Gifford’s Most Wanted

Inspired by the BFI’s Most Wanted campaign to unearth 100 lost movies, I’m turning to my readers to help locate the TEN MYSTERY FILMS from Denis Gifford’s A Pictorial History of Horror Movies which I still haven’t tracked down.

(There are still lots I haven’t seen, but these are the only ten I haven’t been able to find copies of.)

Your help is needed! Facebook and tweet this post to all your filmy friends, and anybody who runs/works for/is an archive. I must see those movies!!!

I offer unspecified rewards. And you know those unspecified rewards are going to be pretty cool when I eventually specify them, right? Damn straight.

I’m going to write a little piece on each over the coming weeks, but here’s the Top Ten Lost Monster Movies in capsule form —

1) THE FAIRY OF THE BLACK ROCKS:  a 1905 period yarn with a skeleton flasher.

2) CASTLE SINISTER: still don’t know anything about this, except it’s Britain, 1948, produced by “British Equity”, whoever they were.

3) THE COUGHING HORROR: a 1924 melodrama that gives me a tickle in the throat just thinking about it.

4) MARIA MARTEN, OR THE MURDER IN THE RED BARN: not with Todd Slaughter, but an earlier, silent version. Another version, directed by Maurice Elvey in between these two, is considered lost, according to the BFI.

5) FIGHT WITH SLEDGE HAMMERS: likewise, a silent melodrama described as “The most thrilling film ever taken.” Taken where?

6 & 7)THE GORILLA: the 1927 version with Walter Pigeon, and the 1930 remake, again with Pigeon. Never seem to show up ANYWHERE.

8 & 9) THE TERROR: Roy Del Ruth’s silent Edgar Wallace adaptation with Edward Everett Horton and THE RETURN OF THE TERROR: Howard Bretherton’s sequel with Mary Astor.

10) THE EXPLOITS OF ELAINE: with Pearl White. I’m sure this is hard to see, but not impossible, I hope! It qualifies for Giffordom by virtue of featuring a cameo by Jekyll & Hyde.

There are also four lost films (assuming none of the above are lost). The rules of See Reptilicus And Die do not allow me to neglect movies on the mere basis of their non-existence. So I’m going to see these too!

A BLIND BARGAIN:  a lost film, this, so a more creative solution is required.

THE CAT CREEPS: 1930 version with Jean Hersholt, Lilyan Tashman, directed by Rupert “PHANTOM OF THE OPERA” Julian. I wondered about this for ages, why it never showed up. Turns out it’s lost, a fact confirmed by the fact that it’s reviewed on the IMDb by fantasy novelist and wingnut F. Gwynneplaine Macintyre, who has reviewed nearly every prominent lost fantasy film. As a situationist stunt, this wins some admiration from me, though I wonder at the ethics of writing slams of films one hasn’t seen (unless one is ninety years old).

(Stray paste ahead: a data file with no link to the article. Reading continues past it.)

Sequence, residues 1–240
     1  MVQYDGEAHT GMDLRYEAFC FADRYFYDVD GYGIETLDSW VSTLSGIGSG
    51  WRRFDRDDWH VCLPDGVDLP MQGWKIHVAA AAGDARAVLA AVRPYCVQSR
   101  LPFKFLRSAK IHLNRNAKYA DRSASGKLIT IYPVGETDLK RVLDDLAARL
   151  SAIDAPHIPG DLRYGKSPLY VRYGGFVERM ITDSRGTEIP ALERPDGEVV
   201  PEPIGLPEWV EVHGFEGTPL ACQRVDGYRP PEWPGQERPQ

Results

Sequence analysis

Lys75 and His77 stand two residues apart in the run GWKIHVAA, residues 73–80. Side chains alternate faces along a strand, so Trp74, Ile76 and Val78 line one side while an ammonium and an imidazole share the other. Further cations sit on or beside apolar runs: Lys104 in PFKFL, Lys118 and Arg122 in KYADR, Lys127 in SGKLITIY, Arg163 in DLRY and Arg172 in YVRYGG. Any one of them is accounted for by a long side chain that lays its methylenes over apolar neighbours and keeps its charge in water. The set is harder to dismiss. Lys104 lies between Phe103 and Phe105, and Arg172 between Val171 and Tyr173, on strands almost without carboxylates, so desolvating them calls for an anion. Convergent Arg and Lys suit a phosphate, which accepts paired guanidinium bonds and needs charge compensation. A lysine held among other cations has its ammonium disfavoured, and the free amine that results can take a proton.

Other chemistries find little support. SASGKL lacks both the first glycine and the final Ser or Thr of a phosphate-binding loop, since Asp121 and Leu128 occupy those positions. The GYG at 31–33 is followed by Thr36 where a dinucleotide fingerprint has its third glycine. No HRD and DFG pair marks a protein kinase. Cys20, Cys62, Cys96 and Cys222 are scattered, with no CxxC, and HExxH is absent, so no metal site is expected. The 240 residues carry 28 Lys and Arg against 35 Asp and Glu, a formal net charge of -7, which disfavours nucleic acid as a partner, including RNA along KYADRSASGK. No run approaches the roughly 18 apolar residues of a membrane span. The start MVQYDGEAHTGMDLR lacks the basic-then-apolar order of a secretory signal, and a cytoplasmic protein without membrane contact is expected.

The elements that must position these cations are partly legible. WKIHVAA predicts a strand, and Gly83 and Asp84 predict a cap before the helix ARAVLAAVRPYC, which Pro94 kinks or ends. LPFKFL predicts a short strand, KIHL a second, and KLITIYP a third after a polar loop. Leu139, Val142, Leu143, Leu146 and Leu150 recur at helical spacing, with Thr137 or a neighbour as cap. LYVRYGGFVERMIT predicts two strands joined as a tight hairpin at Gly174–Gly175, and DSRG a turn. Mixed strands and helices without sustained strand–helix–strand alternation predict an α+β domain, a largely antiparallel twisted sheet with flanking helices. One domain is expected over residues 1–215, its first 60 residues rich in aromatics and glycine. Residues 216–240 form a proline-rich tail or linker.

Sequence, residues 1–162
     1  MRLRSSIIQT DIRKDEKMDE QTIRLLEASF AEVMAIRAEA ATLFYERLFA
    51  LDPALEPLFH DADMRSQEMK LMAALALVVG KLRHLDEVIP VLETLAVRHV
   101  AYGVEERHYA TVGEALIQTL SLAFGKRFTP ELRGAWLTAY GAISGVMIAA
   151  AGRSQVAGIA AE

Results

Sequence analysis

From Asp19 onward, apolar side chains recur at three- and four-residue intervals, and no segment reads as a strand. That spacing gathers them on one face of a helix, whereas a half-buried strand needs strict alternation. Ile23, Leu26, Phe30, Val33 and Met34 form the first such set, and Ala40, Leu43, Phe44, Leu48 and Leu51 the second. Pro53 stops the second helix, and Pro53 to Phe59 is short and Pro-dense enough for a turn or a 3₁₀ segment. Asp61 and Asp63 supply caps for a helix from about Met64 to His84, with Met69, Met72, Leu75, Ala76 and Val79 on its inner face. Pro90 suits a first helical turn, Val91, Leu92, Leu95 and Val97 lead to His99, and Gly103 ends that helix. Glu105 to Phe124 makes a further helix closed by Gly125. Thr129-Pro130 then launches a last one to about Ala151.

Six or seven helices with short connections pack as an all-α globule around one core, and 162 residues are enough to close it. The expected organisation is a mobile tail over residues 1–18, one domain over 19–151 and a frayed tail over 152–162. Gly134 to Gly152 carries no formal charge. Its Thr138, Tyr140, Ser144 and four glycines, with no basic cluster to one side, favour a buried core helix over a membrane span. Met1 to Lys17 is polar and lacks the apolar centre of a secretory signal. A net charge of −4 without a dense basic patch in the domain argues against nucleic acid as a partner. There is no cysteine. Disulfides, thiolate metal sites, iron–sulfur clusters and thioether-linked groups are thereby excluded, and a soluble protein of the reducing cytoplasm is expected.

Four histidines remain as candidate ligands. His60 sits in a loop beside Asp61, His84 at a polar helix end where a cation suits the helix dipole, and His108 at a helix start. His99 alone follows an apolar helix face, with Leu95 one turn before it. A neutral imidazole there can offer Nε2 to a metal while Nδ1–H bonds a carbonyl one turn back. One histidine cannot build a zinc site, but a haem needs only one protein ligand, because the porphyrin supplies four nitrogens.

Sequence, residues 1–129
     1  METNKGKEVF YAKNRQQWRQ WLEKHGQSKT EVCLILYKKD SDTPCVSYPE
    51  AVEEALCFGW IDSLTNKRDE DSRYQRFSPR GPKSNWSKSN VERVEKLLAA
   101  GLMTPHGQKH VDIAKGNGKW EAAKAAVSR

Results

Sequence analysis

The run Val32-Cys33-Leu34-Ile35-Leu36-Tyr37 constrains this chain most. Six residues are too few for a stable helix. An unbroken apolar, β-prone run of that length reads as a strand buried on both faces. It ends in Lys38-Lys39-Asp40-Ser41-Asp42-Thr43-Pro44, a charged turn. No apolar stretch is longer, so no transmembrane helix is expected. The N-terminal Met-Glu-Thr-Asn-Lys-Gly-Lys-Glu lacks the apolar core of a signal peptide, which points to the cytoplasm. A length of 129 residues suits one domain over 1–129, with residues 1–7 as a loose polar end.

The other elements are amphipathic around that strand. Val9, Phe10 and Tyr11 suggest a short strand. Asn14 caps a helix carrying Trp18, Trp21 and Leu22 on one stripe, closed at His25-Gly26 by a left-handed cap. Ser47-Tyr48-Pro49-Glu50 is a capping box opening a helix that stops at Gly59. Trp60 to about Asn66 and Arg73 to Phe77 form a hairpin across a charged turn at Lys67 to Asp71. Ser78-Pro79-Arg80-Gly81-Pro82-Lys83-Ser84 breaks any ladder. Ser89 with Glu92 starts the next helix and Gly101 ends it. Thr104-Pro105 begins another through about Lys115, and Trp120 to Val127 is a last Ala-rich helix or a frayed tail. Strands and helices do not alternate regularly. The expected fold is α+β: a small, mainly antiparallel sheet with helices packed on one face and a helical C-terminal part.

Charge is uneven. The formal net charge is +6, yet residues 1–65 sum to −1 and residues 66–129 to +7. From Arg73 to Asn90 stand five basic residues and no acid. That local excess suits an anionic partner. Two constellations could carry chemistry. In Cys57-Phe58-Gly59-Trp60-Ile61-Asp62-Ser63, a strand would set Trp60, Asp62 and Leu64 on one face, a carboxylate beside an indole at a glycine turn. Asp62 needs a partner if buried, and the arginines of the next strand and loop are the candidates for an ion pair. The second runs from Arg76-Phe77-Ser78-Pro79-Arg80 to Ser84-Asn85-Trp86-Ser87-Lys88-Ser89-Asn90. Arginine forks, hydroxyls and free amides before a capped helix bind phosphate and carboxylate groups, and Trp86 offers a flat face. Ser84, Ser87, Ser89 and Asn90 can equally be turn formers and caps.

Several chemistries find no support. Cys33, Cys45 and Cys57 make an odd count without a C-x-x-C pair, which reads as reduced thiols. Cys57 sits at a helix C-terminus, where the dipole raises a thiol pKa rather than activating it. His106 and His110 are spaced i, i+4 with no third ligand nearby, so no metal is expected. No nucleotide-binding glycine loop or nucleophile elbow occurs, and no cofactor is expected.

LA PHRENOLOGIE BURLESQUE: lost Melies — I’m resolved to bring this back into existence by sheer willpower (and, if necessary, bribery).

BALAOO THE DEMON BABOON: apparently fragments of this exist in Canada. Is there any way to see them without crossing the pond? Don’t make me come over there!

How does one see lost films? In ones’ dreams, certainly, the way Fiona saw Hitchcock’s THE MOUNTAIN EAGLE on my behalf. Or by reconstructions, which allowed me to stretch a point and tick LONDON AFTER MIDNIGHT off my list. Or else by seeing fragments and trailers which might be said to stand for the whole, the way an organism can be cloned from a single cell. There may be other techniques, and rest assured, I’m open to all of them!

NB: such is the speed of development in my INSANE QUEST, I already have news about several of the top ten, which I shall report to you in following posts. But for now, I’m open to all info.

16 Responses to “Gifford’s Most Wanted”

  1. The Fairy of the Black Rocks comes back with all kinds of dates on a simple Google search. Not too surprising for film of the period, but if we’re a bit flexible about the dates I think there could be a very good chance it’s by Spanish filmmaker Segundo de Chomón.

    There’s a ‘La fée des roches noires’ credited to him in 1907, and the skeleton in the picture looks like ones from his other films. I’ve got a copy of the film at home, so can check later, but for reference here’s a link to another contemporary Chomón film (Satan s’amuse, 1907)

    Chomón is an otherwise brilliant, if slightly overlooked protege of Méliès, with a superb mix of magicians tricks, camera tricks and general phantasmagoria. Well worth checking out!

  2. Oh, I know Chomon — I wasn’t aware this might be his film, but it’s a distinct possibility. His name wasn’t well-enough known when Gifford was writing for mentioning it to be thought worthwhile, I guess. Whereas with a couple of his Melies stills, he names the director but not the movie.